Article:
Gem for Japanese shows

Your Home Is My Business! starring Keiko Kitagawa (left) is one of three Nippon TV's current season of primetime dramas to be shown.
Your Home Is My Business! starring Keiko Kitagawa (above) is one of three Nippon TV's current season of primetime dramas to be shown.PHOTO: GEM AND NIPPON TV

Singtel TV Channel 519, to be launched today, offers first-run and exclusive programmes from Japan and other Asian territories

The 1990s and early noughties were the heyday of Japanese television series, with titles such as comedy Beach Boys (1997) and legal drama Hero (2001) popular across Asia.

But nowadays, it seems to be Korean shows that are hogging all the attention, from sci-fi romance My Love From The Star (2013-2014) to military-themed romance Descendants Of The Sun (2016).

In Singapore, this is partly due to the fact that J-dramas have not been easily available.

Ms Wang Yuxing, 27, likes them for their "great variety", but notes that the ones shown on Channel U are three to four years old and shown at "odd times".

The piano teacher and freelance singer is happy to learn that new Asian entertainment channel Gem will help address that problem.

The joint venture between Sony Pictures Television Networks and Nippon Television Network Corporation launches on Singtel TV Channel 519 today. It will feature first-run and exclusive programmes from Japan as well as shows from other Asian territories including China, Hong Kong and Taiwan. Singtel subscribers get a free preview of Gem till Aug 25.

From next month, all three of Nippon TV's current season of primetime dramas will be shown.

Your Home Is My Business!, a comedy which stars popular actress Keiko Kitagawa as a real estate agent who will go to great lengths to make a sale, airs on Wednesdays at 10.10pm, the same day as Japan. Lost ID, a thriller about a man whose identity is stolen from him stars Tatsuya Fujiwara from the hit Death Note movies and airs on Tuesdays at 9pm.

And The Girl Who Leapt Through Time, an adaptation of the acclaimed 1967 novel of the same name, will premiere on Aug 15 and air on Mondays at 9pm. Girl is a sci-fi work about a high-schooler who accidentally acquires the ability to time travel and has been adapted into live-action films, an anime film and for TV.

Its producer Kyoko Matsumoto, 41, says in an e-mail interview that the new series is also a realistic portrayal of the lives of high- schoolers as the three main characters have to leave their rural hometown after graduation to look for jobs.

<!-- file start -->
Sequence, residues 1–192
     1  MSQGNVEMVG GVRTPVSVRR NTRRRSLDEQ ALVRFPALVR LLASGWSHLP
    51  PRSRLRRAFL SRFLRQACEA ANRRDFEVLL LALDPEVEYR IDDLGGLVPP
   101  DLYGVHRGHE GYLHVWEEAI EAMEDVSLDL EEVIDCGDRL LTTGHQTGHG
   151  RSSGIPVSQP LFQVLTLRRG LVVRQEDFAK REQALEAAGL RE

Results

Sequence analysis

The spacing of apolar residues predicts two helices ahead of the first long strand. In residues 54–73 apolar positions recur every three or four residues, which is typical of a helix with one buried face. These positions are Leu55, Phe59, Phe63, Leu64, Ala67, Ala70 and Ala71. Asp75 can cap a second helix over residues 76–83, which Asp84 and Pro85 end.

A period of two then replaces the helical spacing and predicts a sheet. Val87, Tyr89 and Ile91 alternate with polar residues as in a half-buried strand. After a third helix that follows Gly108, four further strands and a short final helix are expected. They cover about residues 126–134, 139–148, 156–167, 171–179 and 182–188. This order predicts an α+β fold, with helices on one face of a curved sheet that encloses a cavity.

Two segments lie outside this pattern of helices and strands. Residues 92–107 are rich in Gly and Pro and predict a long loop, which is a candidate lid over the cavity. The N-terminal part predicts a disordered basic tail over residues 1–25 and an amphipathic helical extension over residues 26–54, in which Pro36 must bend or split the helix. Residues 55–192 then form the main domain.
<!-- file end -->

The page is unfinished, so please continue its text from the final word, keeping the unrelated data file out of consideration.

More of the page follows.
Another selling point is the gorgeous landscape on show. The drama was shot on location in Shizuoka prefecture and unfolds against a backdrop of the countryside's clear blue skies, the sea and the mountains, which "makes the drama all the more interesting to watch".

The story has been updated for this year with social networking services and Internet platforms such as YouTube incorporated into the drama.

Ms Matsumoto adds: "The girl also has a stronger personality, is boyish and enjoys hanging out with boys. With this personality change, we had to alter the ending as well."

Stepping into the lead role of Mihane Yoshiyama is 19-year-old actress-model Yuina Kuroshima.

She says in a separate e-mail interview: "I didn't want to be too caught up with the previous versions so I just read the script and focused on depicting Mihane as the energetic, vibrant, passionate girl that she is."

Despite the competition from TV series from other countries, Japanese dramas as a whole remain an attractive proposition.

She notes: "Many Japanese dramas take incidents and events from daily life. They're realistic and easy to empathise with."

Ms Wang agrees. She adds: "Sometimes, on Korean dramas, the actors and actresses look the same and that's very unrealistic. In real life, people can be not so good- looking."

At the same time, Korean shows need not necessarily be seen as competitors.

It can be hard to compare them with Japanese dramas when the cultures are different, Kuroshima says. "I have this image of South Korean dramas being emotionally expressive. My impression of Japanese dramas is that they're somewhat reserved when it comes to emotions."

What is interesting to her is this: "If you took the same material and produced it in both counties, you might see a difference in the way each one expresses emotions."

Ms Matsumoto acknowledges that more can be done to sell the shows.

"I can proudly say Japanese programmes are on a par in terms of the high quality of the shows, but I still feel we should do more to promote content."

She also has some ideas on how Japanese shows can grow their audience. They include creating long- running dramas, as opposed to the typical 10 to 12 episodes a season, or shows which bring together actors from different countries.

As the Japanese step up their efforts to broaden the reach of their shows, Asian audiences are poised to be the big winners.

Ms Matsumoto adds: "I encourage those countries in Asia where Japanese programmes are not being watched as much to give them a try. I'm sure you'll be surprised that our dramas offer a vast range of materials across many genres. From love stories, historical dramas, career stories to horror, we offer them."

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A version of this article appeared in the print edition of The Straits Times on July 29, 2016, with the headline 'Gem for Japanese shows'. Print Edition | Subscribe